What We Do

The National Wildlife Refuge System is a series of lands and waters owned and managed by the U.S. Fish and Wildlife Service. Wildlife conservation is at the heart of the refuge system. It drives everything we do from the purpose a refuge is established, to the recreational activities offered there, to the resource management tools we use. Selecting the right tools helps us ensure the survival of local plants and animals and helps fulfill the purpose of the refuge.

Management and Conservation

Refuges use a wide range of land management tools based on the best science available. Tamarac National Wildlife Refuge uses prescribed fires to mimic natural fires that would have cleared old vegetation from the land helping native plants regenerate and local wildlife to thrive. The refuge also contains wilderness areas where land is largely managed passively. The management tools used are aimed at ensuring a balanced conservation approach where both wildlife and people will benefit.

Tamarac National Wildlife Refuge is restoring native plant communities dominated by red, white and jack pine through natural succession and forestry practices including tree planting and natural processes such as fire.

Management of the lakes, rivers and wetlands is through natural fluctuations of water levels where possible. There are a few lakes that are still being managed via water control structures for the benefit of wild rice and other aquatic vegetation that support migrating waterfowl.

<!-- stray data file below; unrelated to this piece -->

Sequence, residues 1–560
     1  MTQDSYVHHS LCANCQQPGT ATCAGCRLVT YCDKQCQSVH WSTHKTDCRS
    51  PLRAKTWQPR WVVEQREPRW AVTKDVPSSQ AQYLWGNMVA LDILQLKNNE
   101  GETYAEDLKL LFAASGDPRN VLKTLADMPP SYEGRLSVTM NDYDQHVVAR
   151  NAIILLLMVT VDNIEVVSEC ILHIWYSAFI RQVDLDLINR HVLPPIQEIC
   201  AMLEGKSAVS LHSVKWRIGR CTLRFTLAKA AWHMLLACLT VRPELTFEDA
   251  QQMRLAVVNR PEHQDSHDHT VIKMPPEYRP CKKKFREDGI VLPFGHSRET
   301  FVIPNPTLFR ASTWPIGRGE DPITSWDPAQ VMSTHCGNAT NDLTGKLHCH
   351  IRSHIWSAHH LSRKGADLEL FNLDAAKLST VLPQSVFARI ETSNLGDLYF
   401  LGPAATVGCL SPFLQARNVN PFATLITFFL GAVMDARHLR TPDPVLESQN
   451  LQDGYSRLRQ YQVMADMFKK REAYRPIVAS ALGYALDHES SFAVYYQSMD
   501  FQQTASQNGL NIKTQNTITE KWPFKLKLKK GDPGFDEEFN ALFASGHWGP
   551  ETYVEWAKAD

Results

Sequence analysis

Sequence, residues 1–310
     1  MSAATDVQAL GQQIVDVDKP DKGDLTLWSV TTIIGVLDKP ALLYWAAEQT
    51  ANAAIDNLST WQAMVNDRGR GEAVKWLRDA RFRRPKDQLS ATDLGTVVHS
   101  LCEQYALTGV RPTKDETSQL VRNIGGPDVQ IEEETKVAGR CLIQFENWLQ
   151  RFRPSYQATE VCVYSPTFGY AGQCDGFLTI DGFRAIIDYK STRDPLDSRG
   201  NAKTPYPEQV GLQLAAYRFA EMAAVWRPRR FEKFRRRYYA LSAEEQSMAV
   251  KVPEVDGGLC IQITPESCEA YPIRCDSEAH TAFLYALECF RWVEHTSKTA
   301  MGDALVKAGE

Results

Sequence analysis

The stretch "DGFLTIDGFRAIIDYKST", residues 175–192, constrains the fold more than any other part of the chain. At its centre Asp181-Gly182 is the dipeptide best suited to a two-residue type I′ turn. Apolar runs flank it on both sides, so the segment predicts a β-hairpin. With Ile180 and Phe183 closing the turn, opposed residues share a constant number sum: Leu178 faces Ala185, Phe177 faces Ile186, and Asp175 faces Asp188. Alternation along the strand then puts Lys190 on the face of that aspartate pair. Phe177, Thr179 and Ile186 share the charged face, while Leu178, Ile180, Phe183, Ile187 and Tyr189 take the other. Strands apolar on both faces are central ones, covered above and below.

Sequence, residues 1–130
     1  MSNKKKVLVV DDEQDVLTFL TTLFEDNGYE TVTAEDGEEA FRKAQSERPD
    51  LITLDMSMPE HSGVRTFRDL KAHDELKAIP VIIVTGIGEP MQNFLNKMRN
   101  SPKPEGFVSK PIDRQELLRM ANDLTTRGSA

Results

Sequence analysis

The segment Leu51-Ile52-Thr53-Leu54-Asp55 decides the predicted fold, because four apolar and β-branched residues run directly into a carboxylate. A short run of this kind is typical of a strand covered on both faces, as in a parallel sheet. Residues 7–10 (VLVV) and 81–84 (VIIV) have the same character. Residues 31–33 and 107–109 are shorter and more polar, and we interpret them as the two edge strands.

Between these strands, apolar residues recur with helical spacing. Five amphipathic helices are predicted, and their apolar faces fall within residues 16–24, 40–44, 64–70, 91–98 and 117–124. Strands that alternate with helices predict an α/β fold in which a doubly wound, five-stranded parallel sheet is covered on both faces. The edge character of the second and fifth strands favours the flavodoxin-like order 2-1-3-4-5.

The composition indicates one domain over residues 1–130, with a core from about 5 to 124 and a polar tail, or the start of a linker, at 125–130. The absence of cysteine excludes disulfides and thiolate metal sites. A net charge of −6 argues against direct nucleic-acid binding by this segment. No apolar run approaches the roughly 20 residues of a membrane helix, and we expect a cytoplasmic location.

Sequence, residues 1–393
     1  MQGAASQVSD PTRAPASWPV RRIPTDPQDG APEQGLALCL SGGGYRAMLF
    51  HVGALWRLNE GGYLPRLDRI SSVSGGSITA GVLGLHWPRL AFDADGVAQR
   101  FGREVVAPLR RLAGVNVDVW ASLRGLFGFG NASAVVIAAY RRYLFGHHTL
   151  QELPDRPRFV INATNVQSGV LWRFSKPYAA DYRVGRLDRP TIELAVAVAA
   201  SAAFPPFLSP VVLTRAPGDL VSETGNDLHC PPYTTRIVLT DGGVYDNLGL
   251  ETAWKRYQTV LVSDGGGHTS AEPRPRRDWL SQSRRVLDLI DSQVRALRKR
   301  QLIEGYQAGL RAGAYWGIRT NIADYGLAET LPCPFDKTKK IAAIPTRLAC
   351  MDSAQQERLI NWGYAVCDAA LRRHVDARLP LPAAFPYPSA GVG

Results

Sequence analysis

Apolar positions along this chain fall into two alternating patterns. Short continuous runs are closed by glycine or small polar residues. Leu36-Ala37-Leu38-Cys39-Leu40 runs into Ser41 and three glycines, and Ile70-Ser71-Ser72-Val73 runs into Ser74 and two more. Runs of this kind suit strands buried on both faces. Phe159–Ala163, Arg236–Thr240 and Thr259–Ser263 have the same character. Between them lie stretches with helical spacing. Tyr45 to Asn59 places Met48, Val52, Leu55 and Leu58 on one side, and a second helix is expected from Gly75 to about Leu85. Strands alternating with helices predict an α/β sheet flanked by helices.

The refuge uses a limited prescribed fire program to aid in reforestation and wetland restoration projects. Prescribed fire is currently being used to maintain open sedge meadows for benefit of wetland dependent birds such as yellow rails and American bitterns. 

Controlling invasive species invasive species
An invasive species is any plant or animal that has spread or been introduced into a new area where they are, or could, cause harm to the environment, economy, or human, animal, or plant health. Their unwelcome presence can destroy ecosystems and cost millions of dollars.

Learn more about invasive species
through early detection and treatment is an important part of the resource management plan for the refuge.

Law Enforcement

Law Enforcement officers at Tamarac National Wildlife Refuge help visitors understand and obey wildlife protections laws. They work closely with tribal, state and local government offices to enforce federal and state hunting regulations that protect migratory birds other game species from illegal take and preserve legitimate hunting and fishing opportunities.

Questions regarding law enforcement or violations on the refuge should be directed to Officer Chuck Melvin at 218-844-3423 or the refuge manager at 218-847-2641.

Laws and Regulations

  • The refuge may be accessed from 5:00 a.m. to 10:00 p.m.
  • The sanctuary area (north of Highway 26) is closed from March 1st to September 1st. September through February access by foot traffic is allowed through this area.  
  • Off-road vehicles (including ATVs and snowmobiles), open fires, camping, overnight parking and horseback riding are not allowed on the refuge.
  • Bicycles are only allowed on county and township roads and the wildlife drive.
  • Dogs and other pets must be under control at all times. Pets on leashes is recommended.
  • For more specifics and a complete list of general refuge rules and regulations, consult the refuge public use brochure or the rules and regulations page.
  • Hunting is an approved use on the refuge, some seasons are in accordance with state regulations; others have delayed openers and additional requirements. Please see the hunting brochure for specific details and regulations.